AI is 'blowing up' data center and fiber industries says Light Source CEO

  • Light Source is building an 140-mile fiber network to cover nine cities in and around Phoenix

  • The company already has a major hyperscaler as the first anchor tenant

  • The impetus for the project is the boom in data centers to serve the demand from AI

Phoenix is incredibly hot, and we're not just talking about its 100-degree temperatures. It's also hot in terms of the number of companies deploying fiber in the Phoenix metro area.

Now, Light Source Communications says it’s building a fiber middle-mile network in the metro, covering nine cities: Phoenix, Mesa, Tempe, Chandler, Gilbert, Queen Creek, Avondale, Coronado and Cashion.

The network will include a big ring, which will be divided into three separate rings. In total, Light Source will be deploying 140 miles of fiber. The company has partnered with engineering and construction provider Future Infrastructure LLC, a division of Primoris Services Corp., to make it happen.

The impetus for this project is the boom in data centers in the metro. Case in point: there are currently 70 existing and planned data centers in the area that Light Source will serve. And the boom in data centers stems from the boom in artificial intelligence (AI).

“I would say that AI happens to be blowing up our industry, as you know. It’s really in response to the amount of data that AI is demanding,” said Debra Freitas, CEO of Light Source Communications.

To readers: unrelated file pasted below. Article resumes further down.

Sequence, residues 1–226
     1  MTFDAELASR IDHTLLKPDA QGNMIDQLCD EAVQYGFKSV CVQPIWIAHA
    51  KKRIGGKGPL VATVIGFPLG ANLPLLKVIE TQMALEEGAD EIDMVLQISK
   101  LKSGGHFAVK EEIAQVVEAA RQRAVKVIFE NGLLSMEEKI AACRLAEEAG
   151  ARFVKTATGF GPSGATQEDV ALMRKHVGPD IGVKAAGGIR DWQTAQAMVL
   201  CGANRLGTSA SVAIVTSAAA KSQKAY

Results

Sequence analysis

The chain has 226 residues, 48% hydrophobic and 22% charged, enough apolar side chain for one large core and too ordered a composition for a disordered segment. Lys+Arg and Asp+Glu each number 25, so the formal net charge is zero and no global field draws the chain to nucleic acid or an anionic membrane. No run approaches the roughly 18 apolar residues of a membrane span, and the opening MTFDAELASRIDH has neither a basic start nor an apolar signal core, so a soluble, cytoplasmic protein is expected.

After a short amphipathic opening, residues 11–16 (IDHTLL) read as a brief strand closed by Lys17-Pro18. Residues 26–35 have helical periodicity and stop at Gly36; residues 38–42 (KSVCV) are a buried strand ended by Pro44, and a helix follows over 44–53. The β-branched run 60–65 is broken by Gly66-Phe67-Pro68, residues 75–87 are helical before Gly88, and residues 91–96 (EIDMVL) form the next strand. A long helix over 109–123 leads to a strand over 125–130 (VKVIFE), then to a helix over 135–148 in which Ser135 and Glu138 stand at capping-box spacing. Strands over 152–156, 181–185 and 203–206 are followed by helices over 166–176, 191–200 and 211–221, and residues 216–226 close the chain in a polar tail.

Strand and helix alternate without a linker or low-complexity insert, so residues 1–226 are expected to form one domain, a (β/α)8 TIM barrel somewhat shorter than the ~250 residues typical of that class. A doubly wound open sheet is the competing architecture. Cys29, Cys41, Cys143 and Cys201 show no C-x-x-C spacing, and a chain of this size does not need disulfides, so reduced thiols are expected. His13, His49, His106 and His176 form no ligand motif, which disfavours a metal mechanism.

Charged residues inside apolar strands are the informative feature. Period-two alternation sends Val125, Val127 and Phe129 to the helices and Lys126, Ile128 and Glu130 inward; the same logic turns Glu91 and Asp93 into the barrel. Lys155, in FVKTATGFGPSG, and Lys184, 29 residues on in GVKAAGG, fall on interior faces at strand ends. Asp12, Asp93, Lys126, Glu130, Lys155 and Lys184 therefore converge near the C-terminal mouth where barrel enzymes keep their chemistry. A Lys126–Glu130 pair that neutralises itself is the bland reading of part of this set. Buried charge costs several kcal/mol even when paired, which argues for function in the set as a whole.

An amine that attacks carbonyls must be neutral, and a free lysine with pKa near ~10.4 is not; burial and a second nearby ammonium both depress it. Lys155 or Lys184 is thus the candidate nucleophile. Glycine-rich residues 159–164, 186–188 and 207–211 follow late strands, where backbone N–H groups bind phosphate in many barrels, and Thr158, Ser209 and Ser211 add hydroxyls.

Another middle-mile provider, Zayo, agrees. Bill Long, Zayo’s chief product officer, told Fierce recently that data centers are preparing for an onslaught of demand for more compute, which will be needed to handle AI workloads and train new AI models.

Light Source plans for the entire 140-mile route to be underground. It’s currently working with the city councils and permitting departments of the nine cities as it goes through its engineering and permit approval processes. Freitas said the company expects to receive approvals from all the city councils and to begin construction in the third quarter of this year, concluding by the end of 2025.

The city councils in the Phoenix metro have been pretty busy with fiber-build applications the past couple of years because the area is also a hotbed for companies building fiber-to-the-premises (FTTP) networks. For instance, in 2022 the Mesa City Council approved four different providers to build fiber networks. Later, AT&T and BlackRock said their joint venture would also start deploying fiber in Mesa.

But Light Source is focusing on middle-mile, rather than FTTP because that's where the demand is, according to Freitas.

“Our route is a unique route, meaning there are no other providers where we’re going. We have a demand for the route we’re putting in," she noted.

The company says it already has “a major, global hyperscaler” anchor tenant, but it won’t divulge who that tenant is. Its network will also touch Arizona State University at Tempe and the University of Arizona.

Light Source doesn’t light any of the fiber it deploys. Rather, it is carrier neutral and sells the dark fiber to customers who light it themselves and who may resell it to their own customers.

Light Source has been around since 2014 and is backed by private equity. It did not receive any federal grants for the new middle-mile network in Arizona.